“Sound of Autumn” by Yan Jun, Li Daiguo, Li Zenghui, and Wu Na @ Treescape, 4 September 2010

By , 2010年 9月 9日

Treescape seems like more of a place to drink tea, read poetry or chat with old friends, but on the night of September 4th with Yan Jun and a small experimental noise ensemble performing “Sound of Autumn,” the café was transformed into a whirling universe of colliding sounds.

It was my first time seeing Yan Jun and I was struck by the way he carefully orchestrated the arch of the musical experience — how the musicians tacitly communicated and unveiled their ideas, and how the audience was presented with a performance both challenging and satisfying. Yan Jun is truly a master of noise, an engineer of sonic architecture.

To be honest, if I were to simply listen to Yan Jun’s recordings, I would probably find them overwhelmingly alienating, challenging without any sort of catharsis. But at Treescape I felt powerful tensions arise, a visceral confrontation with the music that made the experience of experimental noise both illuminating and rewarding for me.

Yan Jun, Li Daiguo and Li Zenghui @ Treescape, 4 September 2010

Yan Jun’s creative practice and performative gestures are central to the kind of sonic experience he creates. He stood with his back to the audience for the larger part of the performance, hovering over a long wooden table with mixers, samplers, and other electronic gadgetry. The surface was also scattered with bells, coins, and other sound-producing objects. Interestingly, the table itself was also incorporated into the layers of his sound collage, as he on several occasions produced jarring tones by dragging the dome of his field recorder abrasively against the wood surface.

I was equally impressed by the ensemble who accompanied Yan Jun. Li Daiguo, an American multi-instrumentalist, seems equally comfortable and fluent on pipa and wood flutes as on cello. His cello functioned as a kind of vessel to explore the space between flowing classical patterns and more chaotic percussive riffs. Li Zenghui also added novel elements to the equation with his intrusive free jazz–influenced tenor sax lines, contorting his ambature in ways that caused me to reflect on how air moves through such a machine. The guqin player, Wu Na, who arrived on the scene for the second set, began very restrained and minimal, but gradually allowed her fingers to take her into more adventurous sonic terrain, culminating in an entrancing, fluid duet with Li Daiguo on cello to finish the performance.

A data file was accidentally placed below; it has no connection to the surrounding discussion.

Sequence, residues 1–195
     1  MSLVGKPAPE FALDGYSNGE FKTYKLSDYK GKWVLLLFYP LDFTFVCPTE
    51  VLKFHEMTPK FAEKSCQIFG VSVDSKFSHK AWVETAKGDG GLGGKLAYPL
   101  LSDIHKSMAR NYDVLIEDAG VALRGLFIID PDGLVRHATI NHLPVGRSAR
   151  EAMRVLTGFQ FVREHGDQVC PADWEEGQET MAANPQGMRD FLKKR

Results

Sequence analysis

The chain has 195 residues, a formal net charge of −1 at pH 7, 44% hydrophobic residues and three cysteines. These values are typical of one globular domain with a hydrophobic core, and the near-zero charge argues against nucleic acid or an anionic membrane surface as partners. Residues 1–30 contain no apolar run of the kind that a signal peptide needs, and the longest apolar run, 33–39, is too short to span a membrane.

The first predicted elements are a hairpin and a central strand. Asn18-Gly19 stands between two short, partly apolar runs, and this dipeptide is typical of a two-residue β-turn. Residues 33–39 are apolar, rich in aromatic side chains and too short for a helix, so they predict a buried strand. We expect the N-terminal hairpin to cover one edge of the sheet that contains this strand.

Wu Na and Li Daiguo @ Treescape, 4 September 2010

The first set seemed largely improvised, though still led and controlled by the presence of Yan Jun, who worked as a kind of conductor probing the boundaries of structure and disorder. The second set appeared more choreographed and carefully orchestrated, though still randomized and free-floating. During the second set, the players seemed to be drifting in a liminal space between chaos and control as Yan Jun rolled dice on his sound platform and gestured numbers to the three players to provoke new directions and responses. The numbers I assumed were part of a randomized system of coding to dictate the course of the performance.

If there is one thing that I took away from this experience, it is the feeling of time that arises when listening to experimental noise. With the players scattered about the four poles of the café, surrounding the audience with a sea of sonic textures, the performance took on a strong sense of space and time. Yan Jun’s nuanced sonic/visual cues unfold slowly and carefully in a way that seems simultaneously random and prescribed, like the chance encounters of floating particles that are nevertheless still bound by a ruling law of physics.

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